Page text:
President Bush came to town Monday, and the 1960s broke out for a couple of hours. Rocky's Big Protest Show was big, all right. Hundreds of people gathered in one corner of Pioneer Park, many of them carrying signs — "More Trees, Less Bush," "Gay Vets Opposed to War," "Mormons Against Bush," "War Dead on Your Head," and, well, you get the idea.
The, um, crowd, which consisted largely of young people, the old hippie crew and a few of the more conventional types, shouted slogans and cheered the speakers.
Where is Abbie Hoffman when you need him?
Leading the way, of course, was — and this seemed strange — Rocky Anderson, who made national news by becoming perhaps the first mayor ever to welcome a president to his city by organizing a protest for him. Under the job description of mayor, nobody could recall seeing "dis the president." And yet, somehow, the mayor seemed surprised when he was booed as he addressed the VFW convention earlier in the day.
Rocky got a better reception from the people in the park — "Rocky, Rocky, Rocky!" they chanted. Maybe they were expecting Sly Stallone. Rocky proceeded to deliver a speech, which, if it could be heard above the din of the honking cars on 300 West, began with him leading a chant, "We're not going to take it anymore!"
The man with a gift for picking fights and making enemies had called for the "biggest demonstration this state has ever seen." About 1,000 people showed up, tops.
"If there was a protest, it was a mild one," said Sen. Orrin Hatch.
One of the protesters, a man named Ron who surveyed the scene from his bike, said, "I thought there would be more people."
All of this started when Anderson sent an e-mail to activist leaders and select Democrats, calling for them to organize a demonstration to protest, well, you name it — advocates for seniors, homosexuals, the anti-war crowd, Social Security, environmentalists, anti-nuclear-testing, and anti-nuclear waste storage. What, no PETA?
Welcome to the Chuck-a-Rama of protests. If you were against something, this was the place to be.
All of this could have been lost on the president, whose motorcade missed the show. In the end, it was a protest with an audience of other protesters and of course the media. Hatch confirmed that the president was aware of the protests and that Hatch told him not to worry about it, to which the president supposedly replied, "I'm not worried."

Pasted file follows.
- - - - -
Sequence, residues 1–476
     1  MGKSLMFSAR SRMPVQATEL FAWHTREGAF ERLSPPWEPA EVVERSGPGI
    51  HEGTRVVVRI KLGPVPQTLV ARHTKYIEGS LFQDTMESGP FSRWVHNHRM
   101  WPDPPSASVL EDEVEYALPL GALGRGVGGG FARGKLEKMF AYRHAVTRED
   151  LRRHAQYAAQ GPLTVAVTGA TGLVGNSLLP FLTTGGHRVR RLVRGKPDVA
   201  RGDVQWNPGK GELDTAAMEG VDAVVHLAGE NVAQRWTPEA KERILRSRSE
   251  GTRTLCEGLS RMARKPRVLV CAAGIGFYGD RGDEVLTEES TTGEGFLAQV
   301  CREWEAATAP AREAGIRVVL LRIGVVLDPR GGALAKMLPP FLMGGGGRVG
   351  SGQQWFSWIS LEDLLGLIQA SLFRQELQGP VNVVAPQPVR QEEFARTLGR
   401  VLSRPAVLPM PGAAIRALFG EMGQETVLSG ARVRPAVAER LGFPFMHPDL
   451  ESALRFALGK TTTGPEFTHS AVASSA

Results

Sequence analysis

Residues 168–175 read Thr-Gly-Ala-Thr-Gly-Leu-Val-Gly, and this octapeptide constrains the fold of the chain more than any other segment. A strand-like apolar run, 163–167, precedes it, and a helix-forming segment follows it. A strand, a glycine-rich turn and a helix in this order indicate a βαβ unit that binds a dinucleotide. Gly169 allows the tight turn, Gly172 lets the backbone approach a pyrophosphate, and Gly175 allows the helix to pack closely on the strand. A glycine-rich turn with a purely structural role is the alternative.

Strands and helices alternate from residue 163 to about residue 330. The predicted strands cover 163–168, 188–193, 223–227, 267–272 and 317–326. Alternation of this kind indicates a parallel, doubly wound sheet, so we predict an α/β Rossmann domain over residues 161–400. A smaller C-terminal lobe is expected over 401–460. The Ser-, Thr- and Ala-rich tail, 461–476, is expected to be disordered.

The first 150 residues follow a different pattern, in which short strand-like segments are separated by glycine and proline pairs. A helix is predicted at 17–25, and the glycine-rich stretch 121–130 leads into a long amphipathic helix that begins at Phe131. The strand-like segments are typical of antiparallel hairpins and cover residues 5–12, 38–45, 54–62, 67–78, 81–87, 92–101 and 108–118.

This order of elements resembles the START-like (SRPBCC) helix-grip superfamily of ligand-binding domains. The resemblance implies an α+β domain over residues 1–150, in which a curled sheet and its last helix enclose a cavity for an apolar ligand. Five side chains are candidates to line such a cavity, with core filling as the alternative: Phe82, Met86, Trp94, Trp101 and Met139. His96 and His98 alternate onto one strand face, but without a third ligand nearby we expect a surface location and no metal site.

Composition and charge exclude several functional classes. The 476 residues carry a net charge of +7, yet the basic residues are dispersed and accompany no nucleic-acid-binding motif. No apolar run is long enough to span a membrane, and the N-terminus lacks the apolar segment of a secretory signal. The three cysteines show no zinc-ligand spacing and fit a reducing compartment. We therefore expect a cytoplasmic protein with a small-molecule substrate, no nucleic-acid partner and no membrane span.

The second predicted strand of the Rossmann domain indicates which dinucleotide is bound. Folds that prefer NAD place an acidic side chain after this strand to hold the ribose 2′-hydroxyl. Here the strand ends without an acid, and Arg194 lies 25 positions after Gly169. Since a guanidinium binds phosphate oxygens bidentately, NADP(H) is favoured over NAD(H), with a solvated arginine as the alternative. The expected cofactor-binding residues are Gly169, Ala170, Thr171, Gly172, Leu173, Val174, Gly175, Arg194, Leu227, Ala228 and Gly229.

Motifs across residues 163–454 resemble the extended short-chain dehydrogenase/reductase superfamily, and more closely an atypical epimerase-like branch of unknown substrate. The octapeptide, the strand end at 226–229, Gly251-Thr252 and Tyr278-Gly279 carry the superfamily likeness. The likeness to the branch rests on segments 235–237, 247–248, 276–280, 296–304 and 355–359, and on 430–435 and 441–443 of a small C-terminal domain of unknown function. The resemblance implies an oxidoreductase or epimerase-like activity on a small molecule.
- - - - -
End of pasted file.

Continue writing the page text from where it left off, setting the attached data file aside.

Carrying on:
Like many, you might be among those who are finding it increasingly difficult to support the war in Iraq. No weapons of mass destruction have been found, and it's costing a billion dollars a day and who knows where it will all lead. Not that any of us believe the United States can't accomplish its objectives. All we have to do is undo thousands of years of cultural, religious, tribal, social and political traditions and rivalries, and we should easily be able to make the necessary democratic transition before the next century. It seemed like a fairly big understatement when the Bush administration recently admitted that, jeepers, maybe their original goals were "unrealistic" and they would have to lower their original expectations.
So maybe protesting the war didn't seem like such a bad idea even in the Reddest of the Red States. But was this the way to do it? There was something about a mayor rallying a crowd against the president that didn't feel right. Nor did the occasion.
Didn't it seem somehow disrespectful for the anti-war crowd to crash a party thrown by veterans of foreign wars? That was one reason the protest was held in the park, but they nonetheless were stealing some of the spotlight from the VFW gathering and using their forum as their own.
Judging from the size of the crowd, perhaps others felt the same way.
Doug Robinson's column runs on Tuesdays. E-mail email@example.com